Showing posts with label accessories for knitters. Show all posts
Showing posts with label accessories for knitters. Show all posts

Sunday, 15 September 2013

Pinned Up

Today's post is about the jewelry of knitting: the shawl pin. You might need a way to keep that drape front cardigan or lace shawl securely in place, and obviously your lovingly and intricately hand-knitted pieces deserve so much better than even the most discrete safety pin. So I've put together a sampling of shawl pins for your perusal. This doesn't pretend to be a "best of" post, as there are far too many beautiful shawl pins out there for me to choose among. No, these pins are simply some of those that caught my eye, and if you'd like something different I recommend a image Google search along the lines of "wood cat shawl pin" or "silver Celtic shawl pin" or whatever style and material you'd like.

Some of my favourite shawl pins were traditional Celtic pennanular brooches. You're in no danger of losing the pin with this style as it's fastened to the ring. The large silver penannular brooch above is from Isle of Mull Silver & Goldsmiths. Do remember that the penanular brooch is properly worn with the pin sticking up.

Love the quiet distinction of this one, the Off-Center Disk Shawl Pin, from Dreamweaver Yarns. The stick is rosewood and ebony.

This is the Sweet Pea Vine Shawl Pin, from Dreamweaver Yarns. The stick is rosewood and the ring white bronze.

This is the Garnet Heart Yarn Pin, from Adorn Handmade Jewelry, and it's handmade out of sterling silver. I recommend a look at the other styles available at Acorn Handmade Jewelry too.

This is the Filigree Sterling Silver Stick Pin from Goosepond.

This mother of pearl round pin is from Mary Maxim.

This dragonfly pin is from Sassy 2 Stitch. It's hand-carved from buffalo and steer horn.

This simple wooden pin is from Colorful Stitches.

This is the Flared-End Penannular Shawl Pin, from Stitch Diva Studios. A very simple, spare style of shawl pin might be the way to go if you want only one shawl pin, because then it will be likely to go with everything.

This is the Summer Stripe Wavy Shawl Pin, by Bonnie Bishoff Designs, available from Halcyon Yarn.

This shell shawl pin is from Annie's Crafts. There are many carved shell pins available, and they do tend to be among the least expensive shawl pins, although I can't answer for how well they'd survive a drop to the floor.

I would be remiss if I didn't feature some of the non-ring-and-stick style pins that are available. You can get a shawl pin that is just a simple stick pin, such as this Flower Stick Shawl Pin by Bonnie Bishoff Designs, available at Halcyon Yarn.

The other style available is the closed pin that resembles a safety pin. It's probably the most secure type of pin, but I do find it much less aesthetically pleasing than the ring and stick style pin. This orange bead pin is designed by Gina Reynolds, and is available from Knitting Boutique.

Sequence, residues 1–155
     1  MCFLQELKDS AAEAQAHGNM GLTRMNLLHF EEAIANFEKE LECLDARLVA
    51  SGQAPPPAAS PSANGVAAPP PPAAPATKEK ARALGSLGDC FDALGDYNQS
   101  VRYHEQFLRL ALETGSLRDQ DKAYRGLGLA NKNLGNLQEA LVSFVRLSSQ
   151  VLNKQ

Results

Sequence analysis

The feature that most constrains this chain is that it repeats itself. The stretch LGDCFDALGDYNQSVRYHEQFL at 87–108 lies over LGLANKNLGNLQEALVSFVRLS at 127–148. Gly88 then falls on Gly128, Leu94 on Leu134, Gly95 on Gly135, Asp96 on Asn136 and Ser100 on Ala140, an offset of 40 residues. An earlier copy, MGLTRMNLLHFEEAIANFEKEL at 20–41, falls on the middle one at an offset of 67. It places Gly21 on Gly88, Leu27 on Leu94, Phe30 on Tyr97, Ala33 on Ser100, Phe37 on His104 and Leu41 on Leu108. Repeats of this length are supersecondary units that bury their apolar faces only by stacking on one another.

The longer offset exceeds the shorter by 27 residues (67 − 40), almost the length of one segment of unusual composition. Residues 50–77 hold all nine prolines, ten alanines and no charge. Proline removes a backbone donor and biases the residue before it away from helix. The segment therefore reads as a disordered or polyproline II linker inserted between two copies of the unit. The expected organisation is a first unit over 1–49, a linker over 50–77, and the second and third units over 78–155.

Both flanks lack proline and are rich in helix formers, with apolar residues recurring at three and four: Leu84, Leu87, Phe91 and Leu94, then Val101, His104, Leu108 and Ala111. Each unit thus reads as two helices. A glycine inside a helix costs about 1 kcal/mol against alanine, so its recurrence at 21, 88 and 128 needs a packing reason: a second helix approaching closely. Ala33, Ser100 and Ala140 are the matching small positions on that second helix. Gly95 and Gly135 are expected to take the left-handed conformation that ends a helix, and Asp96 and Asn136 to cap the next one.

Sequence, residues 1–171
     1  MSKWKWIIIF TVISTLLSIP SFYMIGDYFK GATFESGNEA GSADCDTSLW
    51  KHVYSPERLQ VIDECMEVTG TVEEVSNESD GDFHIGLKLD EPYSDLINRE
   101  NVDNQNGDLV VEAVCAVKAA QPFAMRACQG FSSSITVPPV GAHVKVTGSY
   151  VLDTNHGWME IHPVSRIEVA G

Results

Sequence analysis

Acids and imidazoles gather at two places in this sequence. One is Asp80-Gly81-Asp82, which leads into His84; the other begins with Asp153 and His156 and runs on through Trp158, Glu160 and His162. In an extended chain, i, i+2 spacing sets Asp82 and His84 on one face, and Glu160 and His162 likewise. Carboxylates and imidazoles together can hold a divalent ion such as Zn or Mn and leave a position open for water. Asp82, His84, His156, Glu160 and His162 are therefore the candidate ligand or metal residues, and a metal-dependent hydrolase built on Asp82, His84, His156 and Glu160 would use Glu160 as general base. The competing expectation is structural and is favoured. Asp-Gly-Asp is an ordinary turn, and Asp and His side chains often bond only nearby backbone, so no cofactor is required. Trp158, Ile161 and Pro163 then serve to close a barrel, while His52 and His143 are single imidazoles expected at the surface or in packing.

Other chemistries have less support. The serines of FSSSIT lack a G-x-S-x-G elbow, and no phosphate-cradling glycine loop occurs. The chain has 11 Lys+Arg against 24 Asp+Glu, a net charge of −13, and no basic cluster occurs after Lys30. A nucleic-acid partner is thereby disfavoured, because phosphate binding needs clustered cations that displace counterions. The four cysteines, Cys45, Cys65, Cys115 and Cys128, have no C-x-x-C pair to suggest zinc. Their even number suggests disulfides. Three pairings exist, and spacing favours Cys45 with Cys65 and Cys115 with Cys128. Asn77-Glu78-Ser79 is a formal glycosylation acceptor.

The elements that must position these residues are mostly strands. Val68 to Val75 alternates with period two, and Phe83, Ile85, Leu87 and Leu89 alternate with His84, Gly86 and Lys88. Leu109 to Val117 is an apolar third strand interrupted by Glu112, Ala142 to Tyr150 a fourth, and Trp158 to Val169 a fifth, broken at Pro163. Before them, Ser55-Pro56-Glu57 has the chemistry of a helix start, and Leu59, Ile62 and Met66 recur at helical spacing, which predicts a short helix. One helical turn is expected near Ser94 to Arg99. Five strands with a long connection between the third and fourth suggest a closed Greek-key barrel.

Tuesday, 20 August 2013

Casting on and Casting Light

Perhaps you've made yourself a pouf, or bought one of Clare O'Brien's knitted stools or Bauke Knottnerus's Phat Knits, and are looking for a coordinating home furnishing piece to continue the knitting theme. Perhaps you'd like a lamp, but have rejected the knitted lampshade as not being meta enough. Well, in that case, I have a few home lighting ideas for you that represent the actual act of knitting. The Needle Table Lamp from Vitamin Living above being one.

This design is Louisa’s Loup Light, created by Louisa Pacifico. The design is mains operated and is available in various colours and materials.

This is the "Granny Lamp", by Sebastian Errazuriz, which is made of knitted electrical cable. I don't know if it's at all available commercially, and I think if it were to be, Errazuriz would have to consider renaming it.

Friday, 26 July 2013

How to Stay on Knitting Message During a Heatwave

If you'd like to proclaim your love of or attitude toward knitting and it's too damn hot out right now to wear anything you've knitted, you can always do it by wearing a message t-shirt. This one's from Zazzle.

If you have a secondary interest, such as all things pirate, you can combine the two by wearing this t-shirt. From Zazzle.

If you're more rocker knitter than pirate knitter, this shirt might be more your style. From Kaboodle.

I love Art Nouveau, so this one from Zazzle is right up my alley. If you have a favourite knitting-themed artwork, you can always grab the image off the net and have a t-shirt made that will suit you to a... T.

Once the apocalypse comes, who do you think will be coming to us and begging for a stash-made garment? From Zazzle.

You may have been told that the devil has work for idle hands. What you weren't told was that you might actually be doing that work already. From Zazzle.

Sometimes, but not often, and even then only slightly. From Zazzle.